This week I shared this photo on my Instagram.
It sums up life with three toddlers pretty well: one is touching you, one is calling for you, and one is crying. In my caption, I said I’d write a book on the things I was never told about parenting, so we’re going to manage all of our expectations and start with a blog post.
You’re going to be touched.
Someone is going to need to touch you, climb you, be on you at all times. There will be days your husband gets home and the guilt washes over you because all you want to do is wrap yourself up in your bedsheets so no one can touch you the rest of the night. In fact, the touching will be so much that although it was your top love language prior to becoming a mom, it has been replaced by Acts of Service and Solo Trip to Target.
Rest Time isn’t for them; it’s for you.
When your kids age out of guaranteed naps, afternoons are going to get tough. Some moms are going to tell you how their kids still have Rest Time: at least an hour on their beds reading books (actually looking at pictures) in silence, but don’t worry. Your kids will scream bloody murder at that prospect and if you try to make a deal with them involving DQ StarKisses and screen time in exchange for Rest Time, they will thrash their little bodies and clock you in the head. Then the Holy Spirit will descend on you in the form of otherworldly patience and you will set them down and say calmly, “I can’t let you hit me. My job is to keep everyone safe, and you’re not keeping me safe.” And then they will go after each other. So you will pick up their little bodies which have suddenly gained an enormous amount of strength despite the amount of protein and vegetables they are decidedly NOT eating at dinner and wrangle them into their bunk beds, and then you will drastically reduce your negotiation demands (it’s called being realistic): they don’t have to sleep, they don’t have to stay in their beds, they don’t even have to stay quiet, they just CANNOT leave the room until the timer has gone off.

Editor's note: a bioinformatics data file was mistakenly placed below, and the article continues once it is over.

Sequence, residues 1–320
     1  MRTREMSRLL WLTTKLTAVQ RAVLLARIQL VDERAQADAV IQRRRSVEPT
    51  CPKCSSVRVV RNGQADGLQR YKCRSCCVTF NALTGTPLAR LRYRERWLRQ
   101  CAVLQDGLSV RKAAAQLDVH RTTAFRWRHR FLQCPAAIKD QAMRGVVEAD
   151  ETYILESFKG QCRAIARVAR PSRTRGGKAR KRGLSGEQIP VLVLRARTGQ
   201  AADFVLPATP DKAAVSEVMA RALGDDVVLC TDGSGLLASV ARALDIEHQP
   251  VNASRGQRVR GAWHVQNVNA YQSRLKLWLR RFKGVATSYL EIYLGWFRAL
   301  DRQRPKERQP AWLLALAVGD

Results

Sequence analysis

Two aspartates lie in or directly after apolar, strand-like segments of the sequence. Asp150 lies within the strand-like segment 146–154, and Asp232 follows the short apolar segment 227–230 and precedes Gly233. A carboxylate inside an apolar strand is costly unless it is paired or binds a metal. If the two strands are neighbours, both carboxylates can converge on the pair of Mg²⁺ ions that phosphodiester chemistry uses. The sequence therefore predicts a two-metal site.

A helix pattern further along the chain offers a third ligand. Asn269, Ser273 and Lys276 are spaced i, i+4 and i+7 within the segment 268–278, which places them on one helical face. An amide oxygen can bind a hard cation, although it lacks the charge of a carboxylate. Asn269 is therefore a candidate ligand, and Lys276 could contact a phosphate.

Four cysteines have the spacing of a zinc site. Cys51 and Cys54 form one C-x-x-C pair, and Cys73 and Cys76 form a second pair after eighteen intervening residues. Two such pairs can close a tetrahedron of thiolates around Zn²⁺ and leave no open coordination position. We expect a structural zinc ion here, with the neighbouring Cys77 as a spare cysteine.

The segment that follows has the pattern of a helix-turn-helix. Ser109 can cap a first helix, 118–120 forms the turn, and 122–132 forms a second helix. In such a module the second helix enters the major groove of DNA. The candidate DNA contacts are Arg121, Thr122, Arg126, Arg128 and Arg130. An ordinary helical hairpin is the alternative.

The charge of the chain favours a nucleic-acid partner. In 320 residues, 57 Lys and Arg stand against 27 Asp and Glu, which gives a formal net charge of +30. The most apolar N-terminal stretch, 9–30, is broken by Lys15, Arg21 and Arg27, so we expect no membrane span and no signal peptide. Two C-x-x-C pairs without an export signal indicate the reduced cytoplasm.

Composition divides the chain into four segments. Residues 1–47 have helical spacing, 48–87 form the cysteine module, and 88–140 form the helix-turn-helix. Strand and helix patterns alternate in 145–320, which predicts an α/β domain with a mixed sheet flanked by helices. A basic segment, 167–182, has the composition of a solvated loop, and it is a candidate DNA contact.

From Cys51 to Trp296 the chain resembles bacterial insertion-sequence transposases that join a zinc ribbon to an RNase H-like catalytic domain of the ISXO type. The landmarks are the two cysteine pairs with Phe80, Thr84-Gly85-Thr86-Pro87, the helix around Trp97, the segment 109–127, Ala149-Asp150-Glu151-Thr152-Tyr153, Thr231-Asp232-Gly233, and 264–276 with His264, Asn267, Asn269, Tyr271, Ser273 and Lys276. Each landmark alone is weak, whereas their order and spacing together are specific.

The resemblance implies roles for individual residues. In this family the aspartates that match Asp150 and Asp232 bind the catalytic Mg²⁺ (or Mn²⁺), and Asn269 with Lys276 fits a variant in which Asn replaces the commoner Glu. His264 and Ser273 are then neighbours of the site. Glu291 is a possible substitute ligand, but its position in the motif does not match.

Then you’ll go downstairs and set a timer for 15 minutes and turn off the monitor to their room because you don’t care what mayhem happens in that room, as long as it doesn’t involve you. You’ll sit on the couch and stare at the wall (and maybe also your phone—no judgment here) and then 15 minutes will end and you’ll realize you haven’t heard anything and you’ll think, “maybe they fell asleep?” but don’t be fooled—your brain just blocked out the sounds of jumping feet. Then before you have a chance to go upstairs, you’ll hear a voice calling through the air register on the floor of their room, “Mom, can we come out now?” And you’ll feel ready to take it all on again, so you’ll say yes. Or you just can’t face them yet so you’ll say there are still 3 minutes left. Either one.
You won’t go back upstairs until bedtime, and then you’ll have to sit down because of what happened in there during Rest Time. It will take a while to sort everything back, but there were 15 minutes where no one was touching you, so it’s all okay.
Watching your kids sleep causes amnesia.
Don’t freak out; it’s not to a dangerous degree. But watching their full, piglet-like eyelashes flutter and listening to their hilarious snort-breathing will erase all the hard parts of the day. You will look at them and realize God didn’t design our bodies to need sleep because it’s good for us, it was to keep mothers from devouring their young. Watching them sleep will remind you of all the sweet, all the precious, all the funny little things about them that make you marvel, “Who is this creature and how did I get lucky enough to be their mom?” Then you’ll wander into your room and snuggle with your husband because finally, you can handle being touched again.